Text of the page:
: determines the minimum of a*set or list*of values`max`

: determines the maximum of a*set or list*of values`std`

: determines the standard deviation of a set of values`count`

: counts the number of values in a set`remainder`

: calculates the remainder of a division (10 mod 3 = 1)`division`

: calculates the division of two numbers`add`

: calculates the addition of two numbers`diff 'date'`

: calculates the difference of two (relative!) numbers, for example the difference between two dates or two temperatures

Examples of absolute and relative numbers:

- (number of) days: absolute, “28 days”
- date: relative, “28-7-2021”
- years: absolute, “5 years”
- year: relative, “2021”
- degrees: absolute, “21 degrees”
- temperature: relative, “21˚C”
- seconds, minutes, hours: absolute, “2 hours, 35 minutes and 8 seconds” (duration)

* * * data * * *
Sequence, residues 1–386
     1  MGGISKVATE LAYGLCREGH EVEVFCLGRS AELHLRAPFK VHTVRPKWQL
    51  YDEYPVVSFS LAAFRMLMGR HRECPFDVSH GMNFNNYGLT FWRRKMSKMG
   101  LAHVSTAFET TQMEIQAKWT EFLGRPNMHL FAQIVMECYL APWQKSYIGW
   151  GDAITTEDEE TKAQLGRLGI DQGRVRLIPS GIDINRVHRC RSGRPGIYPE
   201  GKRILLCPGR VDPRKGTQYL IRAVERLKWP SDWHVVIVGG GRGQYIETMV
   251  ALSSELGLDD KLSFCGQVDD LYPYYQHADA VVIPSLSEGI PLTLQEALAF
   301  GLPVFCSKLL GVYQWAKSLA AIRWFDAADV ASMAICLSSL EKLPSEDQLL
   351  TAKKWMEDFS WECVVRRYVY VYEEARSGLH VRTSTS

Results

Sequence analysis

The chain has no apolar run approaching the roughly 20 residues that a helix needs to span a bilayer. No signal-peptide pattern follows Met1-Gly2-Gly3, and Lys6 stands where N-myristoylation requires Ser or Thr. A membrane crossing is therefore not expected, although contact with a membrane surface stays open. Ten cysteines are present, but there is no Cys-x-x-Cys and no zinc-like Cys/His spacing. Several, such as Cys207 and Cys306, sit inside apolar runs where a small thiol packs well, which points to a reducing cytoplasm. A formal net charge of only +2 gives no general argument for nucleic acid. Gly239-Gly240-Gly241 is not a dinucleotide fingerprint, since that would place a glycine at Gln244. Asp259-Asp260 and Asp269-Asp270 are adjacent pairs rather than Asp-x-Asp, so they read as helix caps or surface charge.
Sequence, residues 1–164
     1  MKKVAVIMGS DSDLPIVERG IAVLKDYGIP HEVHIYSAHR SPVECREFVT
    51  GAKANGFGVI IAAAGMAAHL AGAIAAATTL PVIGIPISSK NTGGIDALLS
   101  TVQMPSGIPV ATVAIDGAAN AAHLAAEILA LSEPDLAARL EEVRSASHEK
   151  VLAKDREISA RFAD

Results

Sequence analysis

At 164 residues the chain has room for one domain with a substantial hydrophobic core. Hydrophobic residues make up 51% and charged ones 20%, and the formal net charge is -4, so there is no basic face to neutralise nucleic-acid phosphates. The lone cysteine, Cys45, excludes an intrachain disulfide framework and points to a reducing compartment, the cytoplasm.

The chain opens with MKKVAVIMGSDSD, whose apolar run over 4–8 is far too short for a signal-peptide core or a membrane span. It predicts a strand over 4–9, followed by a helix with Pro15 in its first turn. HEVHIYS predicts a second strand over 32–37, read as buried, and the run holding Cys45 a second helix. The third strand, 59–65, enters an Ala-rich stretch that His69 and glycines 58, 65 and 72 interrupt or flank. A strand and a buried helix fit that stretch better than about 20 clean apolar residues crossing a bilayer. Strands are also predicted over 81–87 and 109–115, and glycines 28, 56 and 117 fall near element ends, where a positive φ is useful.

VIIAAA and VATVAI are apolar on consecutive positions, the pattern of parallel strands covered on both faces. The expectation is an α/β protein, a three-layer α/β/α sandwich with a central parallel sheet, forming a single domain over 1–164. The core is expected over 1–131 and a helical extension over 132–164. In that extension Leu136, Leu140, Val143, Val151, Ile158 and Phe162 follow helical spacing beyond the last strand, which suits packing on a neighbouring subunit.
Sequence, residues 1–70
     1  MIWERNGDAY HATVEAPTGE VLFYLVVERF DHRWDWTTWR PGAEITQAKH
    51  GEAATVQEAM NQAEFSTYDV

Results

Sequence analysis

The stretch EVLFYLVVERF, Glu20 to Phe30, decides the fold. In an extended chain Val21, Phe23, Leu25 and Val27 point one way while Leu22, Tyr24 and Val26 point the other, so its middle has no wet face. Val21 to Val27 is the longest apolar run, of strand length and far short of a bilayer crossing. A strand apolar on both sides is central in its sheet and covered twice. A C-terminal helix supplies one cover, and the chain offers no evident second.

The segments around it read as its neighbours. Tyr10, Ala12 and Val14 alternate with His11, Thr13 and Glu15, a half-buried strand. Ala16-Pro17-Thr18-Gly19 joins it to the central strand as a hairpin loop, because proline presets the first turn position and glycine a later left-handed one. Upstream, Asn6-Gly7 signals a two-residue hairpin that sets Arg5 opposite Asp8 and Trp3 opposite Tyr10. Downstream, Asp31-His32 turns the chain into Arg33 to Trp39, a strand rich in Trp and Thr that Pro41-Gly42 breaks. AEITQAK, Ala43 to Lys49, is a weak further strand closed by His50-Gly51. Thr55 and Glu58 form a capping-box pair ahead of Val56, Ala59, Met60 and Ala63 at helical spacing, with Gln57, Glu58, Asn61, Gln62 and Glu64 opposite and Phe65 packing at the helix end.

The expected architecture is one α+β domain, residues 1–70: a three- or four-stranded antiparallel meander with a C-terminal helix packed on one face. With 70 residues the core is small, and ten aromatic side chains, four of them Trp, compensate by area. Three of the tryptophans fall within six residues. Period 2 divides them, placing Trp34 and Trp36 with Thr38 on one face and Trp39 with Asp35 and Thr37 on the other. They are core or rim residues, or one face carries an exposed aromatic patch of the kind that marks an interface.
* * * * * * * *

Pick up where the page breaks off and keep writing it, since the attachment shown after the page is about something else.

- time of day or ‘the time’: relative “14:35:08”

So far we’ve seen number derivations, but we can also derive other types of data.

<tutorial folder:

`./_docs/tutorials/restaurant1/step_04a/`

>

## Growing our business

Our restaurant business is growing.
Many people are now working with our app, and its time for some reorganization.
We have more permanent data that only `Management`

should touch, and we want to show that in our application.
For that, we express a group called `Management`

at the top of the model.
This group captures a new collection `Discount periods`

, a `VAT percentage`

, and the existing collections `Beverages types`

and `Tables`

as shown below.

When rebuilding the app, you’ll get some **errors** saying the compiler can’t find certain properties.
Correct the errors according to the changes made, by adding missing navigation steps such as `.'Management'`

.

```
'Management': group {
'Discount periods': collection ['Period'] {